I love National Grammar Day. I also hate National Grammar Day. That may be surprising–after all, I’m a journeyman grammarian. I make my bread deciding whether a word is an attributive noun or adjective, parsing adverbial uses over conjunctive uses, writing those delightfully boring usage notes in your dictionary.
I love National Grammar Day for all the reasons you’d expect a massive nerd like me to love it: a chance to revel in and highlight the most-dear idiosyncrasies of my language and our feeble attempts to explain it. All you need to do is read through all the Grammar Day haiku that have been written, each falling like a cherry blossom in late Spring, to get in the spirit.
But I also hate National Grammar Day, because it ends up being less a celebration of the weirdness of English and more an annual conclave of the peeververein (as gentleman-copyeditor John E. McIntyre so eloquently calls them). I have a friend–well, a “friend”–who, every March 4th, marches forth into a variety of local stores with a black marker and corrects the signage in the name of “good grammar.” Grocer’s apostrophes are scribbled out, misspellings fixed, and good Lord the corybantic orgy of less/fewer corrections. This friend also printed up a bunch of stickers one year that read, “FIXED THAT FOR YOU. HAPPY NATIONAL GRAMMAR DAY.”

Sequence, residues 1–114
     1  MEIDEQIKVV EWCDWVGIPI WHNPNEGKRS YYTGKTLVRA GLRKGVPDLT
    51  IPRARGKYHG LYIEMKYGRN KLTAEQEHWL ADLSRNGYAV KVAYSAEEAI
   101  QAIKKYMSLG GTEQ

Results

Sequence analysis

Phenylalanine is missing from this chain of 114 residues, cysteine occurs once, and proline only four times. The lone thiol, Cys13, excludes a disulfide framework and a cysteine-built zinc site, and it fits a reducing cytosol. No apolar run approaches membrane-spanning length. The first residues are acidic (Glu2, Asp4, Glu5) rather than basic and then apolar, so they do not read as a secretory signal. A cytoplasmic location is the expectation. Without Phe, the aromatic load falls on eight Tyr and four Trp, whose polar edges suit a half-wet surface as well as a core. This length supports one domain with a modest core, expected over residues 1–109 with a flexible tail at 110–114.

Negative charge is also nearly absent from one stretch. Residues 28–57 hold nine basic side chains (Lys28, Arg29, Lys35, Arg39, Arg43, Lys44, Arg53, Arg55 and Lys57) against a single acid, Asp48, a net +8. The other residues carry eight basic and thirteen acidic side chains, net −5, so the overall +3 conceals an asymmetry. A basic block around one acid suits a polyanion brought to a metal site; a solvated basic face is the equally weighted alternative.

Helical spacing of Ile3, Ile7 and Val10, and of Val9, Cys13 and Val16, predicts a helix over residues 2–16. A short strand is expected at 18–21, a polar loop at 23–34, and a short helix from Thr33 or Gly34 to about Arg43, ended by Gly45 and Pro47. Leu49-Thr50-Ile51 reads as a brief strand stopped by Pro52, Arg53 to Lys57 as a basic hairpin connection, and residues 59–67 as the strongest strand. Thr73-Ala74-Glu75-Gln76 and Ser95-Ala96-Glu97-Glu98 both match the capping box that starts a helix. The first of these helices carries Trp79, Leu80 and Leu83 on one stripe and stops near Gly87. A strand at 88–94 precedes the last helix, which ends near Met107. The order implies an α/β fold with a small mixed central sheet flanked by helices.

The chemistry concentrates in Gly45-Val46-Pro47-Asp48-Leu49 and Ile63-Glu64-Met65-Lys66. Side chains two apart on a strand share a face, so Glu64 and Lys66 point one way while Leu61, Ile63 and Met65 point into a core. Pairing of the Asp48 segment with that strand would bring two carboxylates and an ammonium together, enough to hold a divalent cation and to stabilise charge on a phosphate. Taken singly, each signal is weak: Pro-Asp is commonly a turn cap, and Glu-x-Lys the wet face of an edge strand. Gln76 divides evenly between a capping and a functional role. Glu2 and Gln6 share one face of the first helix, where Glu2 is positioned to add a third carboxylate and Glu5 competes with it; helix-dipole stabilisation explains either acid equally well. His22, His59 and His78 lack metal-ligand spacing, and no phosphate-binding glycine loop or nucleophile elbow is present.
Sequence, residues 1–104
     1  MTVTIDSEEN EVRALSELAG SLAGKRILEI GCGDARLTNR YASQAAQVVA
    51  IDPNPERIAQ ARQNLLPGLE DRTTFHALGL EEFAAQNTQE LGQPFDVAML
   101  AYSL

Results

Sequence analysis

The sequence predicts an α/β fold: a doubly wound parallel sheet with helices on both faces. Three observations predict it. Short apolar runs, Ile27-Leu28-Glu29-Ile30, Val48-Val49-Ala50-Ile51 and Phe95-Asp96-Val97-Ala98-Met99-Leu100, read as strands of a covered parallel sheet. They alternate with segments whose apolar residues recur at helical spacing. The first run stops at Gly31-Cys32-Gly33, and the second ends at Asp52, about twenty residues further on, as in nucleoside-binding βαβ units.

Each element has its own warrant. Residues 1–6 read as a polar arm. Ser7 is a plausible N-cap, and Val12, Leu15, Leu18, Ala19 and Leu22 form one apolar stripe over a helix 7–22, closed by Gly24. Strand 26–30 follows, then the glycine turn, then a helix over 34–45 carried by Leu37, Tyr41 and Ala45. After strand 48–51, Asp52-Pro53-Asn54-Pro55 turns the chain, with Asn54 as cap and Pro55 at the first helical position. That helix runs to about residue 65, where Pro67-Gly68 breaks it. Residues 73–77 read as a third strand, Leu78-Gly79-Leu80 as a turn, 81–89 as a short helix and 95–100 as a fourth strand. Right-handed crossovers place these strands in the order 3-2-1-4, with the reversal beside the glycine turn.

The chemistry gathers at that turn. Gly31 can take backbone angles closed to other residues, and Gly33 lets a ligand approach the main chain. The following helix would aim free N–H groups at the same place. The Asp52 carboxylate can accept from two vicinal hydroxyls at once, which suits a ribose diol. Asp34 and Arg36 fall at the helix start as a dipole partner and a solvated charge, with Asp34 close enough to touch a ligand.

When he was finished telling me about how he observes National Grammar Day, he waited for me to break into a big smile and congratulate him. So when I didn’t–when, instead, my face compressed itself ever so slightly into a look of utter distaste–he was very confused. “Seriously,” he said, “don’t tell me that’s not awesome.”
Reader: that is not awesome. Continue reading